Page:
My next learning experience is coming up quick! I'm going to a business of farming conference in Asheville. Appalachian Sustainable Agriculture Project, which runs the market where I sell flowers, sponsors the event every year. 

My People Love Paperwhites -- Here's Why

It's February now, thank goodness! That means spring flowers are right around the corner! I love the changing of the seasons, especially when the weather is improving, but it's also a challenge to switch gears. And like anyone, I forget some of what happened just a few months ago.

But here's something I won't forget: PAPERWHITES. Before I move on to spring flowers, I wanted to reflect on the sweet smelling winter phenom that transformed my farmers market stand this winter.

 Paperwhites are easy to force indoors, but they'll only bloom for one year. You can also grow paperwhites outside, and the odds of multiple years of bloom are much better since the bulbs can draw nutrients from the soil. However, they are not cold hardy.

Paperwhites are easy to force indoors, but they'll only bloom for one year. You can also grow paperwhites outside, and the odds of multiple years of bloom are much better since the bulbs can draw nutrients from the soil. However, they are not cold hardy.

Audience is important on a blog, and since this one is only a month old, I'm not totally sure who's reading yet. So holler at me in the comments section and let me know who you are. In the meantime, here's why I think this blog will be interesting to you.

If you're a client, flower lover, gardener or other non-farmer, then here's some information about how you can grow flowers indoors when nothing is growing outside. If your a flower farmer, then consider adding paperwhites to your operation if you don't already work with them.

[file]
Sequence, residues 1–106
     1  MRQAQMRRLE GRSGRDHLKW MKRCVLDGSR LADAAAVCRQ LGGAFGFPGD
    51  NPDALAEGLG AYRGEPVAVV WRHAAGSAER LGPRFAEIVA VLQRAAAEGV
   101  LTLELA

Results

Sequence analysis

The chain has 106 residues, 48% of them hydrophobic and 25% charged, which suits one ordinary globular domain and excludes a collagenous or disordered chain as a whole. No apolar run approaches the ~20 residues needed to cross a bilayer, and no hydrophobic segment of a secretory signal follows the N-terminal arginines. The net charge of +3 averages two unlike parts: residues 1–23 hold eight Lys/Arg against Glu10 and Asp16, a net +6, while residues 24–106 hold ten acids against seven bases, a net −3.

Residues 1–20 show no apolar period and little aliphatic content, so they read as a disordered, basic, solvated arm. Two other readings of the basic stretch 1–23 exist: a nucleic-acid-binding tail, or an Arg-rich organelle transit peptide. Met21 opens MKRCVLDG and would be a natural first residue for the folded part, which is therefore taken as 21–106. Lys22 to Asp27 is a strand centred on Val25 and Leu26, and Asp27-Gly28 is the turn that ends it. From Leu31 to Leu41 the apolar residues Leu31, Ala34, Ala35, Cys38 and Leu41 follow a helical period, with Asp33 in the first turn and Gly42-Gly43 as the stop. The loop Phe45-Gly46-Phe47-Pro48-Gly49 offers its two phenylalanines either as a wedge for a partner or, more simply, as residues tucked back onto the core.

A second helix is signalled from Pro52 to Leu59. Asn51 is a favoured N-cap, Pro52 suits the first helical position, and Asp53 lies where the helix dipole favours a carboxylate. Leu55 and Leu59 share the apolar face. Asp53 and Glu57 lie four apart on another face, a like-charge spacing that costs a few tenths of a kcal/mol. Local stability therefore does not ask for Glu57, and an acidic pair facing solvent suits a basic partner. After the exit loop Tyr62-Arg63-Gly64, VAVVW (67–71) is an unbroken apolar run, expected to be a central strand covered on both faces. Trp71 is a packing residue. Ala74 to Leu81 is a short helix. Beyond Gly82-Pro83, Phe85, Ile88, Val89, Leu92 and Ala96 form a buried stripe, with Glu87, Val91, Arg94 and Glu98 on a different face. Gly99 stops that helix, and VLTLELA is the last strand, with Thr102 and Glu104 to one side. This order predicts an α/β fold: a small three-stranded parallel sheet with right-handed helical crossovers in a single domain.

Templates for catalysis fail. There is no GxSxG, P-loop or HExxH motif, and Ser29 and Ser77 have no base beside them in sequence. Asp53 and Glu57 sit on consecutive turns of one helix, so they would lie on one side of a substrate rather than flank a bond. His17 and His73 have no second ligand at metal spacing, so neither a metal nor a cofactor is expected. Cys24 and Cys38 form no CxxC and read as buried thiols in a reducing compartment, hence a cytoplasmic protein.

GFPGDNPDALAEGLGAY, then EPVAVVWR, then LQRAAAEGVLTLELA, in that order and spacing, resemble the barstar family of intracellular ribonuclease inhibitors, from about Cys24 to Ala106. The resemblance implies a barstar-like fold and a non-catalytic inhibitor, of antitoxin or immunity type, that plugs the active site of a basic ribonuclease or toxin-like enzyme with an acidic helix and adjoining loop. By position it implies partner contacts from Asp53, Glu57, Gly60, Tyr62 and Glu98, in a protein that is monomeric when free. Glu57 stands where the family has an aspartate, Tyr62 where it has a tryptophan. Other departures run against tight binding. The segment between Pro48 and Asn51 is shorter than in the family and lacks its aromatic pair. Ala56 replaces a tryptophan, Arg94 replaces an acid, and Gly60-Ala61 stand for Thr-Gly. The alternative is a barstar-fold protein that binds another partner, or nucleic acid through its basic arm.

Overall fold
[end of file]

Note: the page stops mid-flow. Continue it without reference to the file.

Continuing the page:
So what are paperwhites? They're in the narcissus family (think daffodils), and they're unique because they don't require chilling. Most bulbs, including hyacinths, spring daffodils and tulips, need extended cold temperatures to produce a bloom. Not paperwhites. Stick them in a bright, draughty window, and they'll bloom as the temperature drops outdoors and the days shorten.

Paperwhites thrive on water alone. They don't need soil. I like to watch the roots grow, so I set them in a clear glass vase atop marbles, glass beads, rocks or even gravel. It's so easy. I tell my farmers market customers: Wash a handful of gravel from the driveway and stick it in a drinking glass. Not the prettiest way to pot a paperwhite, necessarily, but the point is you don't need to go out and buy anything to get them to grow. 

  How I Start Paperwhites : First, I root the bulbs. I place them in a small baking dish and add about half an inch of water. Rooting is the only time during the growing process that I let water touch the bulbs.   When I have about half an inch of roots, I transfer the bulbs to a clear glass container full of glass or clay beads. (You can use clean rocks or gravel from your driveway. Just give it a good scrub and a rinse in bleach or vinegar.) I add water to the container until the roots are touching it. I refill to that level every few days. I do not let the water touch the bulbs.  I keep the bulbs in a bright, cool place. We have a sunroom with three glass walls. It's pretty draughty, so it's good for paperwhites. Buds form within two weeks, and flowers bloom within 6 weeks, generally speaking.

How I Start Paperwhites: First, I root the bulbs. I place them in a small baking dish and add about half an inch of water. Rooting is the only time during the growing process that I let water touch the bulbs.